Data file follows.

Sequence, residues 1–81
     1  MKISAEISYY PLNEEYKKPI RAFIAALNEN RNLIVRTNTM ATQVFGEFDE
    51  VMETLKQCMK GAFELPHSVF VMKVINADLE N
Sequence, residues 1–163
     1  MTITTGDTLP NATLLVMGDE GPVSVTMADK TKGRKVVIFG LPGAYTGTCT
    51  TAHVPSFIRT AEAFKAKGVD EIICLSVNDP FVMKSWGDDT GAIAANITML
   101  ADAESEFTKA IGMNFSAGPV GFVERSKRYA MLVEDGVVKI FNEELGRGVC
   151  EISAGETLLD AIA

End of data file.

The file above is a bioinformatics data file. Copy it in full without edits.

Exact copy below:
Sequence, residues 1–81
     1  MKISAEISYY PLNEEYKKPI RAFIAALNEN RNLIVRTNTM ATQVFGEFDE
    51  VMETLKQCMK GAFELPHSVF VMKVINADLE N
Sequence, residues 1–163
     1  MTITTGDTLP NATLLVMGDE GPVSVTMADK TKGRKVVIFG LPGAYTGTCT
    51  TAHVPSFIRT AEAFKAKGVD EIICLSVNDP FVMKSWGDDT GAIAANITML
   101  ADAESEFTKA IGMNFSAGPV GFVERSKRYA MLVEDGVVKI FNEELGRGVC
   151  EISAGETLLD AIA